IBC has been central to our market for more than 40 years and we want to help our all stakeholders continue to prosper. IBC is run by the industry, for the industry, and the market is continuing to show a strong commitment to IBC.

So you feel confident about IBC2009?

Confident but not complacent. The IBC team is very experienced in creating a vibrant and relevant IBC and is completely focused on delivering a valuable experience for everyone. At its simplest level, business is about people and relationships. Those relationships are important in good times and in tough times. Certainly in this industry, which is all about communication, people need to meet face to face to do business and compare the marketplace, and this is one of the great strengths of IBC. 

North American trade shows seem to be suffering. The exhibitions so far in the rest of the world – like BVE in London, CCBN in Beijing, Cabsat in Dubai and ISEurope in Amsterdam – have held up very well. IBC is very much a global event, and we remain confident that our audience will see the value in attending.

You mentioned Sony opting out of IBC2009 ?

Obviously this is a disappointment. Sony is a big player, and IBC has always worked well for them. We have been talking in detail for some time, of course, and they have explained their thinking. They have also been positive in their comments about IBC. For this year they have chosen another route. We wish them well, and I can say that we are continuing our dialogue with them, working hard to get them back into the show.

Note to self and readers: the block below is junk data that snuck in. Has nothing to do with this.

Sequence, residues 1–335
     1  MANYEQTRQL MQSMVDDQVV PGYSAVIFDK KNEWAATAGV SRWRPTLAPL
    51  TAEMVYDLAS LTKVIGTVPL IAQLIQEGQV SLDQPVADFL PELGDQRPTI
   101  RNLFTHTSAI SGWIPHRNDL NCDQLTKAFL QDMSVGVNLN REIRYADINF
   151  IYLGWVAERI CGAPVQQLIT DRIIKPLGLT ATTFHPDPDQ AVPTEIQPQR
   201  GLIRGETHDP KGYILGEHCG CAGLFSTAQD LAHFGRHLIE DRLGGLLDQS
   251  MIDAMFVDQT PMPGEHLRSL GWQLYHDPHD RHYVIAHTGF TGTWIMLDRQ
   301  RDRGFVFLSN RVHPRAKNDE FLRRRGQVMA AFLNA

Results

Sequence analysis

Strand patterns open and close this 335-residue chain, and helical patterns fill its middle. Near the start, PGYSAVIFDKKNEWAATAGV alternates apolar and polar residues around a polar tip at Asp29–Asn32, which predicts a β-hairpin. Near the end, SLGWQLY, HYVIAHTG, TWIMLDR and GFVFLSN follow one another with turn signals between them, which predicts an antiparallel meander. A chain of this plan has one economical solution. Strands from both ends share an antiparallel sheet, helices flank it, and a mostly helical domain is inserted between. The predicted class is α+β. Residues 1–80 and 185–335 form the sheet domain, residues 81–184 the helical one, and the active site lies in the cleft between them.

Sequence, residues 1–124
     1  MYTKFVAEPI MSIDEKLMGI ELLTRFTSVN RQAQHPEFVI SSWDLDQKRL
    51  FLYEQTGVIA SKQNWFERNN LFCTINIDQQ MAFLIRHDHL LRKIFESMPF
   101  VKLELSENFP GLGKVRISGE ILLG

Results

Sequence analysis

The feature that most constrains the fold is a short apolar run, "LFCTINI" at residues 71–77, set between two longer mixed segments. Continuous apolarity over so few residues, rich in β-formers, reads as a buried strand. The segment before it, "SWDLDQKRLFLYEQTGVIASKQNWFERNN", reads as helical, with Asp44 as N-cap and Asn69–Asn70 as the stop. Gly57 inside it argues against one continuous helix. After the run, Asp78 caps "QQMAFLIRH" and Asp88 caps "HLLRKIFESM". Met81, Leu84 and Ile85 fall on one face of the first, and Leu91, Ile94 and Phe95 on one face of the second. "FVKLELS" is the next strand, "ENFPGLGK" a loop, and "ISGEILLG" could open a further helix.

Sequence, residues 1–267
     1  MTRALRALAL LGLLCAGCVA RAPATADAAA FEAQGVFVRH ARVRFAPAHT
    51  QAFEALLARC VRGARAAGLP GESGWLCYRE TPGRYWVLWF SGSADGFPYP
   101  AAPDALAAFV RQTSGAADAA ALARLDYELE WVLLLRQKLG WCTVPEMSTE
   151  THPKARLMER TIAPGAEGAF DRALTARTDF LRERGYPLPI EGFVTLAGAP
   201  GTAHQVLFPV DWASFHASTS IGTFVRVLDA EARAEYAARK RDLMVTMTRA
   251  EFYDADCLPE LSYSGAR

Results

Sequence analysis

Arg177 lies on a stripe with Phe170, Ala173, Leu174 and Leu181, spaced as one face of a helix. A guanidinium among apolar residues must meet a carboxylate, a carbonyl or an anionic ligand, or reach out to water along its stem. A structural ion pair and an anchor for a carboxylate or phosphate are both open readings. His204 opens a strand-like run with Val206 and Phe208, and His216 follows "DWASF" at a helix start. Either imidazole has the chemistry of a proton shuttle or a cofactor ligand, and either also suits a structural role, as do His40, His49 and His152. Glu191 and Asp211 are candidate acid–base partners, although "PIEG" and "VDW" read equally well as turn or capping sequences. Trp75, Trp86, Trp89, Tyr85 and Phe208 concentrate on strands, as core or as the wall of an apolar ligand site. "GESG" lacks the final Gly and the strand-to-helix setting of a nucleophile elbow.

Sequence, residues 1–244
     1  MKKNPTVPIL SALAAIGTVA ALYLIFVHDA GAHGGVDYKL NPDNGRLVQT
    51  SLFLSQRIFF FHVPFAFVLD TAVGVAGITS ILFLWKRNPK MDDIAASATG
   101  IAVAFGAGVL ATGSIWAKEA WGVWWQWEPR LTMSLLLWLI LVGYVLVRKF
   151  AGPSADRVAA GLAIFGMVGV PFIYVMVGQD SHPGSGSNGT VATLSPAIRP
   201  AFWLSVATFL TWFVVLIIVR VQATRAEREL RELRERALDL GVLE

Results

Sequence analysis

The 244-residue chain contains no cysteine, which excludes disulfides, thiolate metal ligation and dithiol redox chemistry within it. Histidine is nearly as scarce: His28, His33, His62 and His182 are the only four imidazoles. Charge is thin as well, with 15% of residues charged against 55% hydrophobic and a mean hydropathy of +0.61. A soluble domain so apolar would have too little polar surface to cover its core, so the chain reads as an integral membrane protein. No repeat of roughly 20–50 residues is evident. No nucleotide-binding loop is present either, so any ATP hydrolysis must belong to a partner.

For the last few years Sony has anchored hall 9 and made it a production zone. That is really important for IBC, so we are taking the space and creating in it a production village. One key feature will be the opportunity to compare a huge range of cameras from all the leading manufacturers. Nowhere in the world will you have the chance to make direct, side-by-side comparisons on this scale: another way IBC adds value to your visit. 

The production village will also include a training zone, looking at workflows as well as shooting, and we are investing even more in visitor marketing to the production community to tell them about what will be happening and why it will be valuable to them. We have not had a rush of cancellations following Sony’s announcement and I do not expect one: the value proposition of IBC is still exactly the same. If you are a competitor of Sony, it may even have got stronger!

Are you making any other initiatives to help exhibitors?

Like any other business activity, IBC has to be measured in terms of return on investment. And there are two sides to RoI: the cost, and the value received in return. Now we appreciate that everyone has to look carefully at the level of spend, and we are working hard to help people control this. We also recognise that people’s time is more valuable than ever, so we are helping exhibitors by reducing the effort required before the event.